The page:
Not to gainsay the importance of the conflict in Iraq, but it would have been nice to see Bob Schieffer ask Senator Joe Manchin (D-WV) about another matter with international consequences this morning on CBS Face the Nation:

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Just a few days ago, Manchin joined Sen. Sheldon Whitehouse (D-RI) to discuss their effort to find common ground on climate, despite the former’s representation of a coal state:

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The Manchin-Whitehouse effort was profiled on Politico–itself something of a shock–but I guess it wasn’t big enough news for Face the Nation, despite the program’s previous climate coverage. Wonder why they decided to overlook this.

What we cannot overlook, however, is Manchin’s refusal to support efforts to put a price on carbon–a stance he demonstrated in grotesque fashion four years ago, a stance he reaffirmed in his discussion with Whitehouse. If you need sixty votes to get a climate bill through the Senate, and Manchin and fellow Democrats Mary Landrieu and Claire McCaskill aren’t terribly interested in legislation that puts a price on carbon, what do you do?

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The answer may, or may not, be found in the Pine Tree State. There’s a bit of a controversy over the decision by some major environmental groups to support the re-election of Senator Susan Collins (R-ME), despite her somewhat controversial record on climate:

Over the course of her career, Sen. Susan Collins (R-Maine) has stood apart from most of her GOP colleagues on the issue of the environment. She has supported climate change legislation and curbs on carbon emissions, winning nods of approval from groups like the Environmental Defense Fund and the League of Conservation Voters.

As Collins campaigns for reelection this year, however, her candidacy is exposing tensions within the environmental movement. Some environmentalists in Maine contend that national green groups are hurting their cause by throwing their support behind an imperfect candidate. Collins’ Democratic opponent in the race, Shenna Bellows, has made environmental issues a key part of her campaign and would be a much more reliable supporter of the movement, they argue.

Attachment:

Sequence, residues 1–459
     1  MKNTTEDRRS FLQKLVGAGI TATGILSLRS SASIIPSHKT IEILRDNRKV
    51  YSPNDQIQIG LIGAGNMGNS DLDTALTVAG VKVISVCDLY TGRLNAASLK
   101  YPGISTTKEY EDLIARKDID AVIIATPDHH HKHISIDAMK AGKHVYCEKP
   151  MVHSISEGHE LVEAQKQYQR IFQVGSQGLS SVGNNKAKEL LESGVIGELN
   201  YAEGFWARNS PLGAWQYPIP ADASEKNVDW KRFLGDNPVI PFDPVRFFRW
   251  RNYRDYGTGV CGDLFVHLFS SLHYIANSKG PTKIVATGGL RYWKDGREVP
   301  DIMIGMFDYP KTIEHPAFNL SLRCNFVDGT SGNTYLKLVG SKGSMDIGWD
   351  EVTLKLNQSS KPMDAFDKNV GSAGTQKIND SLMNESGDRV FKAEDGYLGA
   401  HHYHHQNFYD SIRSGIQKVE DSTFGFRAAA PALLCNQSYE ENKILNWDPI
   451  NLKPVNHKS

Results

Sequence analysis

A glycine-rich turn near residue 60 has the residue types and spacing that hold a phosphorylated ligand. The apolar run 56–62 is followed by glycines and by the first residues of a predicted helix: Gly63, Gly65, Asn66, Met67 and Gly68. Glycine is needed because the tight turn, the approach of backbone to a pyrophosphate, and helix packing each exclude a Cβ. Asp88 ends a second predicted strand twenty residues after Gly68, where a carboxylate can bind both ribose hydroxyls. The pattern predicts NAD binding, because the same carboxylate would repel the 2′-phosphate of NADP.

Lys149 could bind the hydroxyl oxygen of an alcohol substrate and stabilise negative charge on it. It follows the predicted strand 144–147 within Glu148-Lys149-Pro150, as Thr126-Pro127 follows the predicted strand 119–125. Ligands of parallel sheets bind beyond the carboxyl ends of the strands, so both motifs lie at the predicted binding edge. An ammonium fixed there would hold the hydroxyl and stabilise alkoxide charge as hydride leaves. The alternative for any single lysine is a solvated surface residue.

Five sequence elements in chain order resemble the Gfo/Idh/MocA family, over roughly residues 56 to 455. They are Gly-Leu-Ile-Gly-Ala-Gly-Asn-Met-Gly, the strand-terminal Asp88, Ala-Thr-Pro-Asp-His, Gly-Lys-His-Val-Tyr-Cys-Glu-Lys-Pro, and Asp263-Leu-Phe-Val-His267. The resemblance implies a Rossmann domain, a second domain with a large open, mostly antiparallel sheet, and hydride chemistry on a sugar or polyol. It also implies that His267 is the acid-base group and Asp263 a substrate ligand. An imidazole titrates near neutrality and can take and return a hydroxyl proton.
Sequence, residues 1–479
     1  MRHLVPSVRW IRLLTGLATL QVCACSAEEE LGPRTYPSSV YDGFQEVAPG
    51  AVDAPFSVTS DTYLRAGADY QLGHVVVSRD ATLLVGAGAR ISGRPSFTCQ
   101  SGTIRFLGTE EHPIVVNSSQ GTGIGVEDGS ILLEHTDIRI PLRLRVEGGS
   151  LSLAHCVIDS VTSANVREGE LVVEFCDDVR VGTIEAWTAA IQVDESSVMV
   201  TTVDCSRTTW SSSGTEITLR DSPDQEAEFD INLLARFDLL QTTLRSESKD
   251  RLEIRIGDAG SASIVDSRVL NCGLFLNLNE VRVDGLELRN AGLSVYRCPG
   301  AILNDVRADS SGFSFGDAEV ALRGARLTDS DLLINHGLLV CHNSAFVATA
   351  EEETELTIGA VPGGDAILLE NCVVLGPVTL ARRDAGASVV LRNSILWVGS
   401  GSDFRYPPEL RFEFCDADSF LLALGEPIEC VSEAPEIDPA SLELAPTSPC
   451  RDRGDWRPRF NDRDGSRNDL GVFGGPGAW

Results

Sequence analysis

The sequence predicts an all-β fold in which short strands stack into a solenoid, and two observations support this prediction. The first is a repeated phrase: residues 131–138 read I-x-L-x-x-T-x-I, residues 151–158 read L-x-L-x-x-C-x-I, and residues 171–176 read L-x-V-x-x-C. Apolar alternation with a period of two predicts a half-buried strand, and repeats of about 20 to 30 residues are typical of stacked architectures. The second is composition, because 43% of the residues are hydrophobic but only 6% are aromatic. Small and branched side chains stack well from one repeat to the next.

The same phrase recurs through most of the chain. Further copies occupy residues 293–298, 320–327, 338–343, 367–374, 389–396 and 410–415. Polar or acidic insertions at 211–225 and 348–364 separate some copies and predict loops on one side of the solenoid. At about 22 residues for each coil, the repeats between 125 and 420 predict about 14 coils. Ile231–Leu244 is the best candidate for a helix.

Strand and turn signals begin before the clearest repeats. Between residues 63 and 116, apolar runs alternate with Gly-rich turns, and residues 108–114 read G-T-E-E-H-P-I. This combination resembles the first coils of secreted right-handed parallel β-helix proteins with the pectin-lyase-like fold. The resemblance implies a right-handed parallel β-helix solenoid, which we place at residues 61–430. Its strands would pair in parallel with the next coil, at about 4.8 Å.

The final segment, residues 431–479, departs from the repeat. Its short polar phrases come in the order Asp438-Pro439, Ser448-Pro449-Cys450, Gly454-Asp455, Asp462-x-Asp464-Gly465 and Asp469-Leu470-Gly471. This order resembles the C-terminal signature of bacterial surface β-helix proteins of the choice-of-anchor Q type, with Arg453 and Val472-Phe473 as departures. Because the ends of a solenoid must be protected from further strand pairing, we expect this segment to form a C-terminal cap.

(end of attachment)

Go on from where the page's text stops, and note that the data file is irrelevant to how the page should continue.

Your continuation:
“When it comes to the environment, we cannot afford D-grade leadership in Washington,” said Bellows in an interview with The Huffington Post. “Given the strong environmental movement in Maine, [Collins] should be offering stronger environmental leadership. We are at a turning point on the environment, and she is hesitating.”

But Bellows faces a tough fight to unseat Collins. The most recent polling in the state finds the incumbent with a 55-point lead over her challenger. This goes a long way toward explaining why national environmental groups would like to stay on Collins’ good side: They expect to spend at least another six years trying to get her to stand with them in the Senate.

We think bipartisanship is required to achieve major environmental progress,” said Keith Gaby, a spokesman for the Environmental Defense Fund. “Ultimately, that’s the way we’re really going to solve climate change.”

There is an argument that to get back to 350 parts per million of C02 in the atmosphere, climate-concerned voters have to play a numbers game. If one’s goal is to pass, for example, legislation that puts a price on carbon and returns all collected revenue to households as a dividend, and if one recognizes a certain percentage of Democrats from dirty-energy states are unlikely to vote for such legislation (to say nothing of other Democrats who may disagree with the concept of a rebated carbon tax because they feel that the collected fees should be used for purposes that are presumably anathema to the Fox News crowd), then one will have to figure out a way to get Republicans who have not yet surrendered their souls to the Kochs on board.

That may be the logic at play with the green endorsements of Sen. Collins. It will be interesting to see if Bellows generates enough momentum over the next few months to prompt a reconsideration of these endorsements. If Collins ultimately wins, it will be interesting to see if she can somehow pull her party, and the planet, back from the boiling brink.

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D. R. Tucker is a Massachusetts-based journalist who has served as the weekend contributor for the Washington Monthly since May 2014. He has also written for the Huffington Post, the Washington Spectator, the Metrowest Daily News, investigative journalist Brad Friedman's Brad Blog and environmental journalist Peter Sinclair's Climate Crocks.